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Impersonal Passion: Language as Affect. Author(s): Denise Riley: Published: April Pages: Sales/Territorial Rights: World. Impersonal Passion: Language as Affect. B. Duke University Press, Mary Kate McGowan. Denise Riley's Impersonal Passion: Language vocative essays.
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In this regard, she has a real talent for identifying what is mysterious about seemingly ordinary linguistic occasions. For example, most people have never stopped to think about how the expression "Why me? Who is being addressed and what would count as an adequate answer? Is this expression really a question or is it a lament? Another strength of the book is Riley's talent for describing what it feels like to use and understand language.
Unlike most other theorists, she concerns herself with the phenomenology of language use and she gets that phenomenology right.
For example, there is a peculiar feeling associated with using the latest words for talking about sex. It is often uncomfortable to do so and one is often additionally uncomfortable with that very discomfort. There is also a peculiar sensation associated with feeling like one is lying even though one is telling the whole truth. Suppose, for instance, that I truthfully tell an acquaintance that I cannot attend her party which I had previously committed to attending because I am not feeling well.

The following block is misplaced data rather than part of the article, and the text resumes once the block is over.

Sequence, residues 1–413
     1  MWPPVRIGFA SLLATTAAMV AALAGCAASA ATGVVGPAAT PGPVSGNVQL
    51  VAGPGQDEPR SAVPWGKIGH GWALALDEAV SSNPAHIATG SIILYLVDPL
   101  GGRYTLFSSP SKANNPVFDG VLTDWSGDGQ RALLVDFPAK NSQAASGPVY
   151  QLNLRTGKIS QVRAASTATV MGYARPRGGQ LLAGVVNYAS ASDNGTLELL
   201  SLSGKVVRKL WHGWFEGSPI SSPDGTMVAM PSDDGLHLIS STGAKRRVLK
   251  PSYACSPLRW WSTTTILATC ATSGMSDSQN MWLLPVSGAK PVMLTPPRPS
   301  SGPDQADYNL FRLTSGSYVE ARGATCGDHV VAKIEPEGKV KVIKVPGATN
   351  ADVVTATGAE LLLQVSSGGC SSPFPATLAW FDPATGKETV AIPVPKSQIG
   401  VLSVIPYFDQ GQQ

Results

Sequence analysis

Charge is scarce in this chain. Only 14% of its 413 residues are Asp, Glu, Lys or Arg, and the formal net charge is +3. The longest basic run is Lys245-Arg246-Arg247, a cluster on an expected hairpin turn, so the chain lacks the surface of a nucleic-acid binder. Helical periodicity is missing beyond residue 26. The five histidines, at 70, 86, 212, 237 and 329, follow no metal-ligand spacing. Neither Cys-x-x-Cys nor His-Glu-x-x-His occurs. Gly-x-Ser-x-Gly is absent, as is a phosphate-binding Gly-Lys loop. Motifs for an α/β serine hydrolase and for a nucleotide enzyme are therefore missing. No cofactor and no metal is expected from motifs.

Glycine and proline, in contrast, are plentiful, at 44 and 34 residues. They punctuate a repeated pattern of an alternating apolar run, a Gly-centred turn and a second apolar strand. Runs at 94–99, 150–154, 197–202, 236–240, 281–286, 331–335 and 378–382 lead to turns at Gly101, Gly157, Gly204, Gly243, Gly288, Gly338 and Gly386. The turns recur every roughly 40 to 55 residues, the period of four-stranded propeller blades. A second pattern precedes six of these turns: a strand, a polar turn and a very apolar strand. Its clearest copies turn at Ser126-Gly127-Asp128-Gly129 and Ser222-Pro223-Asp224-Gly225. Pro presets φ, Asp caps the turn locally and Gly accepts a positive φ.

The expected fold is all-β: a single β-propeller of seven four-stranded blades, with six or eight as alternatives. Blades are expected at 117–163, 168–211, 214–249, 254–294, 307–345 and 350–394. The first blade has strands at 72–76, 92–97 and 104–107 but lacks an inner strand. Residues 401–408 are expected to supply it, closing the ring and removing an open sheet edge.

Riley contends that I will feel like I am lying even though I know that I am telling the truth.
Note that this feeling of lying is not the same as the feeling or the fearing of not being believed. I will feel like a liar and I will also feel at least initially confused by my feeling like a liar. After all, why should I feel this way when I am telling the truth? Riley diagnoses the case thus: When one uses an expression that is a conventional and polite way to lie, one feels like one is lying when using such expressions even when one does so truthfully. Many interesting themes run through the book.
First, Riley stresses how language constructs us. Being categorized as an X, for example, can affect how we think of ourselves, how we behave, and how others treat us.
Such "looping" is not limited to cases where X is a socially important category for example, 'woman,' 'welfare recipient,' or 'victim' , it occurs, according to Riley, even with the use of seemingly innocuous first names. Names often carry associations with them and these associations can affect us our entire lives. Second, Riley stresses how we adjust our language use to those around us and she points out that such "linguistic accommodation" can be or at least feel coercive.
Her provocative meditations suggest that while the emotional power of language is impersonal, this impersonality paradoxically constitutes the personal. Apr 13, Alexander rated it it was amazing. Forgotten password? Armed with the same skills as Chinese or Korean students, who know the meaning and writing of the kanji but not their pronunciation in Japanese, they are now in a much better position to learn to read which is treated in a separate volume. InImpersonal Passion, she turns to everyday complex emotional and philosophical problems of speaking and listening.